Autonomous Machinery: The future of construction
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Autonomous Machinery: The Future of Earthmoving

From self-drive cars to food delivery robots, developers have been promising autonomous solutions to consumers ever more frequently over the past years. The key area in which self-drive and autonomous technology is most prevalent is in vehicle development. In industries such as construction and mining the dream is reaching actuality. Recent years have already seen a flurry of activity, with companies advertising and releasing autonomous machinery that may shape the heavy machinery industry’s trajectory over the following decade. 


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Why Are autonomous machines being developed?

Many reasons regarding the development of autonomous machinery exist. For some, the reasons lie in the development of awareness of health and safety on construction sites. Alternatively, for others, the development of autonomous machinery is a result of natural economic growth. In many ways, these two reasons appear to be interchangeable. 

As the world’s population naturally grows, industrial companies, particularly those in the Construction sector, are required to build and develop both residential and commercial infrastructure. The rise in demand for construction projects results in a need for skilled workers. Further, some jobs involved in construction projects involve monotonous, sometimes dangerous, work. The development of autonomous machinery can provide those working in the industry with the means to assign these tasks to a machine. For example, tasks in groundworking can be completed by machines that are programmed to dig trenches automatically.

The reasons for developing autonomous machinery for Earthmoving industries fall into three categories: safety, productivity, and efficiency. Safety is a key factor for a multitude of reasons. While having autonomous vehicles is the goal, even the steps towards autonomous machines that exist in 2020 in vehicles requiring operator can be crucial in protecting workers from harm. By automating safety features in plant vehicles, including positioning systems and touchscreen monitors allowing operators a 360 degree view of their machine and surroundings, plant machinery becomes safer for both the operator and other workers on site.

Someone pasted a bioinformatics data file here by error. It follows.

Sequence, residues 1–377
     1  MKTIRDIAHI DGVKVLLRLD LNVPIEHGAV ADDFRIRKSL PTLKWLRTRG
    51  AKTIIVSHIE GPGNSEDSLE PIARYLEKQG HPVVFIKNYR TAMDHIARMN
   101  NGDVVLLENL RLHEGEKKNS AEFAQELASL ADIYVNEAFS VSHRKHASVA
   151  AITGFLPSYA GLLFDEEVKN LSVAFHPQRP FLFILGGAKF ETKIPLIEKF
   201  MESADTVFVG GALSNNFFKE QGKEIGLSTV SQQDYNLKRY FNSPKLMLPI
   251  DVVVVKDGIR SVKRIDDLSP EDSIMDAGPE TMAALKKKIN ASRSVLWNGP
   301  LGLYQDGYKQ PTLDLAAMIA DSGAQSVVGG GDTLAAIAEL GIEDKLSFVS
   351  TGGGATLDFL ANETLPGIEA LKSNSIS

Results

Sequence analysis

However, safety alone is not a strong enough attraction for the development of autonomous machinery. As a health and safety specialist once told me, ‘people don’t think safety is sexy’. For this reason, autonomous solutions for productivity problems in plant operation become prevalent in the development process. The main argument for developing autonomous machinery in terms of productivity is the idea of decreasing the risk of human error.

Productivity becomes an extra factor when taken into account with economic factors. The construction industry is facing a skills shortage. The number of skilled workers in the UK construction industry in the UK has been in decline for the past five years. Faced with this decline, the introduction of autonomous technology and machinery in the construction industry has allowed companies to keep up with demand for projects to be completed caused by economic growth. For example, the introduction of drones has allowed the work of three people to be completed by one operator in a fraction of the time. Some can now be pre-programmed with a flight pattern, meaning no operator is required at the time of use.

The fact that one small machine can do the job of what would previously been three workers in the past, may be where the argument of ‘the machines are here to take our jobs’ has arisen. However, given the skills shortage in the construction industry, autonomous machinery is becoming a necessity.

You can read more on this topic in the April 2019 Issue of Plant Planet.


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